Here are the main stories from this week:
After a hemp forum in Kentucky, Senate Majority Leader Mitch McConnell told reporters he was willing to fix hemp “glitches” in the 2018 Farm Bill with further legislation.
The Farm Bill removed hemp from the federal list of controlled substances. However, police have intercepted shipments of legal hemp because they cannot differentiate it from marijuana.
“Some glitches remain to be worked out, and some of it may require legislation … I’m prepared to do my job … all the way into the end zone if it requires additional legislation,” said McConnell to the Associated Press.
In February, truck drivers were jailed in Oklahoma on drug trafficking charges after police searched their truck during a traffic stop violation and found what they thought was marijuana.
The truck actually contained 17,000 pounds of industrial hemp, which was confirmed by 11 separate tests and paperwork from the purchaser, yet the drivers remained jailed.
Later in February, Idaho police jailed a truck driver taking 6,700 pounds of industrial hemp from Oregon to Colorado.
The hemp tested well below the legal limit of 0.3% THC at 0.043%, but the driver remained in jail.
The Farm Bill notes that states cannot prohibit the interstate transportation of hemp; however, Idaho law does not allow any amount of THC in the state.
The US Department of Agriculture Undersecretary Greb Ibach told the AP his agency might work with other federal agencies to develop testing protocols for police to use during stops.
The USDA is currently working on hemp regulations, but officials are indicating they are in no rush.
The US Department of Agriculture Secretary Sonny Perdue said his agency is taking the regulatory process for hemp slow.
Perdue acknowledged the excitement surrounding industrial hemp, mentioning that CBD was likely one of the main reasons for the excitement.
However, he tempered that excitement by saying “we’re taking this slow.”
A memo in February from the USDA noted that the agency intends to release the regulations in the fall of 2019 for the 2020 growing season.
Despite taking it slow, Perdue reiterated the department has the same timeline in mind for the regulations.
“Our goal is to have them out with plenty of time for the 2020 planting season, where we approve the state lands and the states will provide fees for participating, and they will be the primary regulator of the federal rules in that regard,” said Perdue.
Sen. Mitch McConnell (R-KY) and Sen. Ron Wyden (D-OR) sent a letter to Perdue in February asking the USDA to “expeditiously” implement the provisions of the 2018 Farm Bill.
The letter also requests that the department’s regulations allow for the interstate shipment of hemp and for businesses to have access to banking services.
On Thursday, Rite Aid announced it would start selling hemp-derived CBD products at over 200 stores in Washington and Oregon.
“Rite Aid has heard from many customers about their interest in purchasing CBD products,” the company said in a statement.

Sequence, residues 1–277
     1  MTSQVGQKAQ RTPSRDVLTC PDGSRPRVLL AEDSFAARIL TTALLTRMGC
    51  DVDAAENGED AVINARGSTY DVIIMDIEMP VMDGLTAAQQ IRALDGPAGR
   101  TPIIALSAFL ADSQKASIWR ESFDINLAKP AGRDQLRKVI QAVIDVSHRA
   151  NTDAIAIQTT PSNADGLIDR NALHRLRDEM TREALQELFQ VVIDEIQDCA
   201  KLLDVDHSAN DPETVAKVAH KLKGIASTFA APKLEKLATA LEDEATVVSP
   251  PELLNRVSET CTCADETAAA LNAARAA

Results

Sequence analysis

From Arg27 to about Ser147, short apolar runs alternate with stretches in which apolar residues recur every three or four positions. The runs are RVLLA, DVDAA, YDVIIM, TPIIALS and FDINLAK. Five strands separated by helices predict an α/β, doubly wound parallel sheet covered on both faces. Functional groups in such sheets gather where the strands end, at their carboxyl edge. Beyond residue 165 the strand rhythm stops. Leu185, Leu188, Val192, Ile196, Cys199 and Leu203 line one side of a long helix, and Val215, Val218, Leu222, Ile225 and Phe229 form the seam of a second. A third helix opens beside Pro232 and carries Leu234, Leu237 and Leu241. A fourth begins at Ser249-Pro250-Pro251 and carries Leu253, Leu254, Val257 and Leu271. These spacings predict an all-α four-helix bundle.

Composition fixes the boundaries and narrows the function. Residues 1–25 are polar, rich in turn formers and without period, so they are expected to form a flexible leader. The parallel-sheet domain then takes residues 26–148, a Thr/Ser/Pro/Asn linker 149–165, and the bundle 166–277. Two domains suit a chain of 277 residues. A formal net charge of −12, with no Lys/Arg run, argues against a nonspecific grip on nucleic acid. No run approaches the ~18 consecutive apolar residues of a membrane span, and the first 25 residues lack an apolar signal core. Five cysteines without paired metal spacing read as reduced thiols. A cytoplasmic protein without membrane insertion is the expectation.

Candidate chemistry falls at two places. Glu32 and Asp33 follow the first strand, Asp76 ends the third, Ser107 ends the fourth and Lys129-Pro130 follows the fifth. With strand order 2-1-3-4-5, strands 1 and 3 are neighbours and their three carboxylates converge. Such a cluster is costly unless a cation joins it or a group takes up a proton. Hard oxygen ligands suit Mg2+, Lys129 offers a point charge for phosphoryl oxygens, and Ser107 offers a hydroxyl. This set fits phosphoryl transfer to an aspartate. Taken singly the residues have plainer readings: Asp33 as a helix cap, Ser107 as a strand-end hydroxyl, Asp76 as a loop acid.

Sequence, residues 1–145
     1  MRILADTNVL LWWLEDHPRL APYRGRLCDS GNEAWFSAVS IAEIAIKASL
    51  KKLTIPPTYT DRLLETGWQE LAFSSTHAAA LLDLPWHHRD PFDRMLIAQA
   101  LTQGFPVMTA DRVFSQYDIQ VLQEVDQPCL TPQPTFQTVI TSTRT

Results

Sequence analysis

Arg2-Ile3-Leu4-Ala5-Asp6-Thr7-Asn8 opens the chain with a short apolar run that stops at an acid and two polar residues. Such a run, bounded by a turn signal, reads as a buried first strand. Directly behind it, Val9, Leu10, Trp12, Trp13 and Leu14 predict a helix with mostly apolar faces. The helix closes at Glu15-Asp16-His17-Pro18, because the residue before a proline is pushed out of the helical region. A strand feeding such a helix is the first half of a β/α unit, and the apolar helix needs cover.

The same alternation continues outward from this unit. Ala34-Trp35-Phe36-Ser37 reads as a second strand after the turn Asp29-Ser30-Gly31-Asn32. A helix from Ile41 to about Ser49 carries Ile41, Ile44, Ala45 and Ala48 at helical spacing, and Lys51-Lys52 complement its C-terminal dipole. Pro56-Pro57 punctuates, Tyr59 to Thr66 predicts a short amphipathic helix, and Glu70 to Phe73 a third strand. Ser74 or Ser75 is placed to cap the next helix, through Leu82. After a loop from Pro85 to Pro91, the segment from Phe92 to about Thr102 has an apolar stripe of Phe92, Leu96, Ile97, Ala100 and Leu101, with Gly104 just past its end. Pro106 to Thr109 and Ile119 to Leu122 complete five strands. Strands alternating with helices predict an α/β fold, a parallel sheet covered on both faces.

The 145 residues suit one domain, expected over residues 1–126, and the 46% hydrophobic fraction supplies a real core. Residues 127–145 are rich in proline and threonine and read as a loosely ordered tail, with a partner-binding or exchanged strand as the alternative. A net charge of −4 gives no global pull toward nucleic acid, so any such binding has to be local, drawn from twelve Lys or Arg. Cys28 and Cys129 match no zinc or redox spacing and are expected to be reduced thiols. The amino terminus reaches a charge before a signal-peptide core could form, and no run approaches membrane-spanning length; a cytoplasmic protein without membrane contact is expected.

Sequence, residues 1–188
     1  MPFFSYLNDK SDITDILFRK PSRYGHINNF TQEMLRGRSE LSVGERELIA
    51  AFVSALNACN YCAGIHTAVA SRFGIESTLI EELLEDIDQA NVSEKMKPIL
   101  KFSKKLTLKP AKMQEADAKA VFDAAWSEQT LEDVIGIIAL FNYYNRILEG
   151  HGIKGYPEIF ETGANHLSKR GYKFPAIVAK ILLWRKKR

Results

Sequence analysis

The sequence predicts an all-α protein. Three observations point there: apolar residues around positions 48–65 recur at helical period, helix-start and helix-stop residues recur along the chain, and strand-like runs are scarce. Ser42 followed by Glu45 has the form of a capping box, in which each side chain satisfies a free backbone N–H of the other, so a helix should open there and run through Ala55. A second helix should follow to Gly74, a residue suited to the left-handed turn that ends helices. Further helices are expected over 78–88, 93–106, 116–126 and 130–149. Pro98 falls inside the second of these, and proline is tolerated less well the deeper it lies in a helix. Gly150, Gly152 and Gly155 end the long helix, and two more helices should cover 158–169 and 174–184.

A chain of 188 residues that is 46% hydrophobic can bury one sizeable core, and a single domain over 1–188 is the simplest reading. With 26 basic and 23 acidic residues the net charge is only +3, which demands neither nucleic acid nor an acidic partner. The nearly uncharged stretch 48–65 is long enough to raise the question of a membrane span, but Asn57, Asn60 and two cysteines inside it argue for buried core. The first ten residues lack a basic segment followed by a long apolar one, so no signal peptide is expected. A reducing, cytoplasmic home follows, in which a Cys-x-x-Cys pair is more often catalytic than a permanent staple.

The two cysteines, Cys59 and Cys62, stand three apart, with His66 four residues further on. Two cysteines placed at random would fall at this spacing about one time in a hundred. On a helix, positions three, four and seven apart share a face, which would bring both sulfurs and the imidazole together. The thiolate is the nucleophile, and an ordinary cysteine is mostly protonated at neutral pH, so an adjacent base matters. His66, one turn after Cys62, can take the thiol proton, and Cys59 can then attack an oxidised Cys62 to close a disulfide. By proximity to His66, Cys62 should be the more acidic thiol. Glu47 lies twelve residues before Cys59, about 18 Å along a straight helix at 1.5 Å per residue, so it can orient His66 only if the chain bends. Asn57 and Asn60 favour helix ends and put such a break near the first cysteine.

This announcement comes after rival drugstore chains CVS and Walgreens decided to begin selling CBD products as well.
CVS was first to announce it would be selling CBD products back in March, and Walgreens announced less than a week later that they would be, too.
Like Rite Aid, they both noted consumer demand as their motivation to take a risk on the cannabinoid despite its somewhat confusing legal status.
However, each retailer is playing it safe by only selling CBD topicals.
Current FDA regulations do not allow the use of CBD in food or supplements.
As a result, tinctures, capsules, and similar products are off-limits, making topicals the safest option for selling.
Consumer demand and the expectation of retailers entering the CBD market are the major reasons the hemp-derived CBD market is expected to explode.
According to the Brightfield Group’s projection, the industry could reach $22 billion by 2022.
Schmidt’s Naturals, a Unilever subsidiary, is creating hemp and CBD-infused deodorants that will launch later this year.
Schmidt’s—known for its deodorants made with all-natural ingredients—is creating two new iterations, one with hemp seed oil and another with cannabidiol.
Among its many other potential benefits, CBD is believed to have antibacterial properties that may help fight odor.
According to Michael Cammarata, the CEO of Schmidt’s Naturals, the CBD versions will be available in the states that have legalized marijuana.
The hemp seed deodorants will launch in September at Target stores across the country.
Hemp seeds are considered GRAS (generally recognized as safe) by the FDA and contain little to no traces of CBD.
Target dabbled with cannabis when it sold CBD oil from Charlotte’s Web in 2017, but removed it from their listing a week later.
Now that legislation has changed, the retailer seems to be easing back into the market with Schmidt’s hemp seed deodorants.
Schmidt’s was acquired by Unilever, Europe’s seventh-largest company, in 2017.
With a large business like Unilever entering the CBD market, it likely opens the door for other large companies to offer other CBD-related goods.
Currently, consumers can find CBD in almost any kind of body care products, including bath bombs, lip balms, patches, creams, lotions, and more.
However, this space lacks the presence of large companies such as Unilever.
Cammarata said Unilever allows Schmidt’s to operate independently but is ensuring that Schmidt’s complies with the laws regarding CBD.
“CBD is probably the most powerful ingredient that we’re going to see over the next decade in the personal care market,” said Cammarata in a phone interview with BNN Bloomberg.